It’s all gone a bit quiet on here from me lately. There are several reasons for this.
I’ve just finished up at work for 2014 – I had so much annual leave left to take that I’ve got three weeks off over Christmas and New Year. Unfortunately (and this isn’t a HUGE drawback, I’m the first to admit) it does mean an awful lot of panic working to make sure everything is done before the computer gets turned off.
Then, although I finished work officially last Thursday I have been a bit busy. Friday and Saturday were spent driving to and from Swansea to pick up the eldest boy from university. Sunday was spent with the kids and doing a significant amount of decorating and crap-clearance in the house. Monday I went to see The Cutty Sark (for the first time since she was levitated 3 metres higher in her dock than she had been previously – photos at the end of the post) and finished Far Cry 4. Then on Tuesday I popped down to work for the end of season buffet (which turned out to be a full on Christmas Dinner) and started playing Dragon Age Inquisition – and then carried on playing it for 11 hours and 55 minutes… Oops. Today I went to watch my little boy sing in his school’s carol concert, met up with my mum (and played a bit more Dragon Age…).
Anyway, obviously I still have to get ready for Cape St Vincent on 14th and 15th February next year. I think I’ve got my eye in on the ships now, although I might have to either re-rig or order a new HMS Victory as I’m not happy with the amount of “saggy rope” (which isn’t an STD I promise). I did learn a lot from finishing her – it was the first time I’d tried to do anything like it, but maybe I shouldn’t have tested things out on the British flagship… Some annonymous fifth rate hidden at the back would probably have been more sensible. They all certainly look more than the nominal £3 value that NAVWAR charge for the miniatures.
There’s sort of a mini production line going on at the moment. I can’t cope with having more than 5 or 6 on the go at once (because if I do I’ll end up either losing masts or sticking the wrong ones to the wrong hulls…) and right now I’m done with two, almost done with another one and have six more in various stages of completion.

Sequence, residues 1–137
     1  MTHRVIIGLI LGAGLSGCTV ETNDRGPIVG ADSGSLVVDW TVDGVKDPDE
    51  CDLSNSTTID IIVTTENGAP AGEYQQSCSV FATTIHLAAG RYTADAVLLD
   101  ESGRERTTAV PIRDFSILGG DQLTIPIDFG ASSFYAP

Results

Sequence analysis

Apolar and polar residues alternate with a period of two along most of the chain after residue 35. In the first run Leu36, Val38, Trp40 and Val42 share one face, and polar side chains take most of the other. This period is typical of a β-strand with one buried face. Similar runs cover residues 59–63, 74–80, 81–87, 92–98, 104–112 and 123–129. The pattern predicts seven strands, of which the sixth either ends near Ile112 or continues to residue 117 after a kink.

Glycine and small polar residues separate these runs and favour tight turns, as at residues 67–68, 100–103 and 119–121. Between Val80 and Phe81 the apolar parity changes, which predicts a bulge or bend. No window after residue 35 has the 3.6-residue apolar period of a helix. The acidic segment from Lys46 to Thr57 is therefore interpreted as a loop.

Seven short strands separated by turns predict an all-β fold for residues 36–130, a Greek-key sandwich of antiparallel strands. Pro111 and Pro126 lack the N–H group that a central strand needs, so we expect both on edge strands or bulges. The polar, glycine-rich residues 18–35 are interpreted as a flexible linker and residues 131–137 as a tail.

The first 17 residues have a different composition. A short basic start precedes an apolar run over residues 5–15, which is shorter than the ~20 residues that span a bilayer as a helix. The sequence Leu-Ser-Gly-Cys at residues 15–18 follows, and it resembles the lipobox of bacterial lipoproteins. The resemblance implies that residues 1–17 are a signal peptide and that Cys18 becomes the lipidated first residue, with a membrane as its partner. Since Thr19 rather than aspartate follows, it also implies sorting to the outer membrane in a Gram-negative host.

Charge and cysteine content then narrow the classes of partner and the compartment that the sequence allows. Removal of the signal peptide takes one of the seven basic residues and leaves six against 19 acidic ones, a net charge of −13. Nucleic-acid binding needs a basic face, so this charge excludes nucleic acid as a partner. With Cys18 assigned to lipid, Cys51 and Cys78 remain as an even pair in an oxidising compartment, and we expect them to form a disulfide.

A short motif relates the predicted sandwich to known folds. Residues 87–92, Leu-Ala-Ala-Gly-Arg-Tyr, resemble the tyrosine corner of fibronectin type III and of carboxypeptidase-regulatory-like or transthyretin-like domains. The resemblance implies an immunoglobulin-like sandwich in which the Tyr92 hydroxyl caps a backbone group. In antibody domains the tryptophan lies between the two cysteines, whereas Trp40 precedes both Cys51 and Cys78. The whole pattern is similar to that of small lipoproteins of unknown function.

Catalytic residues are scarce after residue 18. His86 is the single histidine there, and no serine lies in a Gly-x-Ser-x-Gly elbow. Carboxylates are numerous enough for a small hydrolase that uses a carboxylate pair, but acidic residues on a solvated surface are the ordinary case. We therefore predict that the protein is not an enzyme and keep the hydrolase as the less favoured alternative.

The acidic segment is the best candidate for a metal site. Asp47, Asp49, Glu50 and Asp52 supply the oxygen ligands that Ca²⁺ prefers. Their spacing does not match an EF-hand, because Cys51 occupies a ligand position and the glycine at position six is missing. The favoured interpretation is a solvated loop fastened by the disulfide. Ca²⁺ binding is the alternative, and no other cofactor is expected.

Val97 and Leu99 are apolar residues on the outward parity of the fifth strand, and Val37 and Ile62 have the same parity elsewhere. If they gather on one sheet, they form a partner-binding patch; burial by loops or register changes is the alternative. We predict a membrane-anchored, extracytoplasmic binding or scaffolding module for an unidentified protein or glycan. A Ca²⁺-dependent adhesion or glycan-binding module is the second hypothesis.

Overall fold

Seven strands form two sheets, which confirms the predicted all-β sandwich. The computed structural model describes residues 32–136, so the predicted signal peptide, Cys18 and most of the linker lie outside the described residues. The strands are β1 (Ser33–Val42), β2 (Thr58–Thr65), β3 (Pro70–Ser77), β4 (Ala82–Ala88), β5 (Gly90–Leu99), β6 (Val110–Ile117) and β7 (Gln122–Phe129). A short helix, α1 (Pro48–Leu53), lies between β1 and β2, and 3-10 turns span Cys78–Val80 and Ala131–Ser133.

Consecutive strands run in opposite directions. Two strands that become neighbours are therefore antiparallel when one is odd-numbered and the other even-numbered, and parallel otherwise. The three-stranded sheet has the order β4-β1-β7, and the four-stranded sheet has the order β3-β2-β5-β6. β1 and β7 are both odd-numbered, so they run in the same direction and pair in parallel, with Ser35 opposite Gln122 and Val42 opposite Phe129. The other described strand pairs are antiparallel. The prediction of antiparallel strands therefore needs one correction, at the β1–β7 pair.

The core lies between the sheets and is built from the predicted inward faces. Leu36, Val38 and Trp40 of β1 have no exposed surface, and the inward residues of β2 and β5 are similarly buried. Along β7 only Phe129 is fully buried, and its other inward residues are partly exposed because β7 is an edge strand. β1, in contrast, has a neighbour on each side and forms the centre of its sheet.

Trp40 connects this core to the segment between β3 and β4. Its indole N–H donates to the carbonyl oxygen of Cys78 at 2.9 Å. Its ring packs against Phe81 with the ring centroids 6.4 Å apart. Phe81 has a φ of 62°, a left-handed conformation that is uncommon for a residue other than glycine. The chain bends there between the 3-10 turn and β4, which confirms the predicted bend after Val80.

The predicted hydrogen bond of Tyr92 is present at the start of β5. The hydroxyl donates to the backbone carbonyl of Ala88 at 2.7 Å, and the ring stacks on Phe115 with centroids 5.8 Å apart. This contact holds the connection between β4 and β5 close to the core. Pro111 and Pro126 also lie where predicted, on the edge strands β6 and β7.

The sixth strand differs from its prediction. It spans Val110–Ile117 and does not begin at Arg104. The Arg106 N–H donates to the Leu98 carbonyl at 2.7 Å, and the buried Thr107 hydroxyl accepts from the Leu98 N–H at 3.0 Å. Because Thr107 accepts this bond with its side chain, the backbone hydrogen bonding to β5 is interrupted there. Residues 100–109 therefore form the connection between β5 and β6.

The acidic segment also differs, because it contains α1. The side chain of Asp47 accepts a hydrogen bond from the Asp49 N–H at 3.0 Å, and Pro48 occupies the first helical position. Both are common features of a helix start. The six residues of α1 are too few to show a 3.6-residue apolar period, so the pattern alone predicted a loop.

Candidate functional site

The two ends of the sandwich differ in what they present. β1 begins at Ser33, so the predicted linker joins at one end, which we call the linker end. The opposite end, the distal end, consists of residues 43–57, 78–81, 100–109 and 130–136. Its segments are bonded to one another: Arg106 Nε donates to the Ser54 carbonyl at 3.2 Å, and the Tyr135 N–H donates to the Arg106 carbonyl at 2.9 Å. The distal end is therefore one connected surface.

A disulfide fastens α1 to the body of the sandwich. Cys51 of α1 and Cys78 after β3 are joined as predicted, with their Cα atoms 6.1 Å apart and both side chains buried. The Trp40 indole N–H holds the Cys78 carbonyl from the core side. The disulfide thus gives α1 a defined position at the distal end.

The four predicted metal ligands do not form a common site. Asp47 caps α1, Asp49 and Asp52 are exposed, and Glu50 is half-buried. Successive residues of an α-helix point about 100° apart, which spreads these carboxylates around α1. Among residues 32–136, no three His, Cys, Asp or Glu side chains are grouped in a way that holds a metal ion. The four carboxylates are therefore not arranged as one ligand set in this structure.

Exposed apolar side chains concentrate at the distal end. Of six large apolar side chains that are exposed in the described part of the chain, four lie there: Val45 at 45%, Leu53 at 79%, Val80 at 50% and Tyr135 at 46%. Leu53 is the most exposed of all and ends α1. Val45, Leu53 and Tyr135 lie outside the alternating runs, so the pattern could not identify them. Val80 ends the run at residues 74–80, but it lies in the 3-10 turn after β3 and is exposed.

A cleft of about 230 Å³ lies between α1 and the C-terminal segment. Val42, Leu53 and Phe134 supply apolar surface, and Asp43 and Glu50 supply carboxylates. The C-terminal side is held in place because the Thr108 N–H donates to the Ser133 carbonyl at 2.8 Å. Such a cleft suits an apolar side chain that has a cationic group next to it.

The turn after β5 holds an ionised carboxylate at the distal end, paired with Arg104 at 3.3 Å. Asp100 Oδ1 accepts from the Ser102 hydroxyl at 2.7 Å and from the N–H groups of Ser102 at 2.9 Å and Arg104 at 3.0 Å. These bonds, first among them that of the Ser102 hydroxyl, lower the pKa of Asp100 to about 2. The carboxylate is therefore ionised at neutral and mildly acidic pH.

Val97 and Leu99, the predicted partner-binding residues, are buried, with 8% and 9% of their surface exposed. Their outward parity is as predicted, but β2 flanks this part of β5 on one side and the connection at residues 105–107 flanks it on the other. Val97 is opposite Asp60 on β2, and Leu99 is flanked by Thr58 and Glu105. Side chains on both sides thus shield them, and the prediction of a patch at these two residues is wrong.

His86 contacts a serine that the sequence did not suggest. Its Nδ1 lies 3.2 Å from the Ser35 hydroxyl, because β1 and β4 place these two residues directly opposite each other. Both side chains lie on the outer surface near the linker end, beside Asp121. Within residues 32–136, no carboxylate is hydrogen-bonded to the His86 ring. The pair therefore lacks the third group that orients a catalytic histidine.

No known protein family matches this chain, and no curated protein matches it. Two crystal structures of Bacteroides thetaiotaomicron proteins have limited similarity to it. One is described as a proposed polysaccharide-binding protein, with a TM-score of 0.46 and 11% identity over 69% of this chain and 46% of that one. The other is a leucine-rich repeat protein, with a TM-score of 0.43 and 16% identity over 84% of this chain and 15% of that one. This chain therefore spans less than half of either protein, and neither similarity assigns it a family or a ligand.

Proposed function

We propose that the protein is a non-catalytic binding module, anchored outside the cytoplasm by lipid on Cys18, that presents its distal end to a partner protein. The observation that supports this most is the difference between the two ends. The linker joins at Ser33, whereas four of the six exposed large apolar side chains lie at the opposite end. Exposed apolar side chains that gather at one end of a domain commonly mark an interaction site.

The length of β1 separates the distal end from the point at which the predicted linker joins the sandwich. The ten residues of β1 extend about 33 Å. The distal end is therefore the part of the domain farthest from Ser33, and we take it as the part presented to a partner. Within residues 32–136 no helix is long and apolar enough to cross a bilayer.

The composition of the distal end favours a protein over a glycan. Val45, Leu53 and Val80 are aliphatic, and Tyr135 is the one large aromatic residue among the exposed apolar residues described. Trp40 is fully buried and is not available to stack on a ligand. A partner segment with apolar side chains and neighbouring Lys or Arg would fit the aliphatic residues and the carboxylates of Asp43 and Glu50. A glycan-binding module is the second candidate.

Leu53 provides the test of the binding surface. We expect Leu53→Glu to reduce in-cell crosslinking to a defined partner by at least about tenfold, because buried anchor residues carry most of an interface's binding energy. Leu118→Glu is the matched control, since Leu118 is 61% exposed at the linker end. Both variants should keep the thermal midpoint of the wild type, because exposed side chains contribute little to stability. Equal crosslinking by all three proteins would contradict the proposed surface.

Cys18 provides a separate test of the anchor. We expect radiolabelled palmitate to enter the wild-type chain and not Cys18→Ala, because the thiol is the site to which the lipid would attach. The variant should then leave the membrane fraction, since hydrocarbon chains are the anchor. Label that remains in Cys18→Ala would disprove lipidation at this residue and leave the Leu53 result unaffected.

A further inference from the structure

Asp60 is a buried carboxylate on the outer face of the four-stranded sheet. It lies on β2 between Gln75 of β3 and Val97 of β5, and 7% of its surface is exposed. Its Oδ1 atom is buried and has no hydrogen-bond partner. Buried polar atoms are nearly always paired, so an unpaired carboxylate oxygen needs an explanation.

The size variation in ships engaged in a fairly major fleet action might surprise people though.
Here’s a run through from the largest to (almost) the smallest.
From left to right you’ve got the 5000 ton, 140 gun Spanish first rate, Santisima Trinidad (or to give her her full name, Nuestra Senora de la Santisima Trinidad… It just trips off the tongue…) then a standard 112 gun Spanish first rate, HMS Victory the 100 (well, 104) gun first rate, a 74 gun British third rate and a Brig. There is a smaller vessel believe it or not, the Naval Cutter, Fox.
Santisima Trinidad needs to be rigged and then she’s done, and then the others obviously need to be masted and some more details painted, and the other couple I’ve got prepped are stuck to bases but haven’t been primed yet.
We decided we could show the different nationalities in a few ways (which is quite important, not just for us, but also to the casual observer). First they do have hand painted flags, but you can only see those up close (and only from one side as they lay alongside the mizzen gaff sail). The hulls are different colours, but again you cana only see that up close. The stern assemblies are generally white for the Spanish ships and gold for the British – but you can’t see that from the front. The gun carriages are red on the British ships, but you have to be REALLY close to see that…
So what we decided to do was have a slightly different colour for the canvas on the opposing fleets. The Spanish sails are painted a light grey and left like that. The British are initially painted in the same way, but then have a yellowish wash applied to make them a creamier colour. Hopefully you can see the difference in the image above, but if you can’t it is quite pronounced in reality.
Anyway, I promised photos of The Cutty Sark (which is well worth a visit if you haven’t seen it recently – or ever).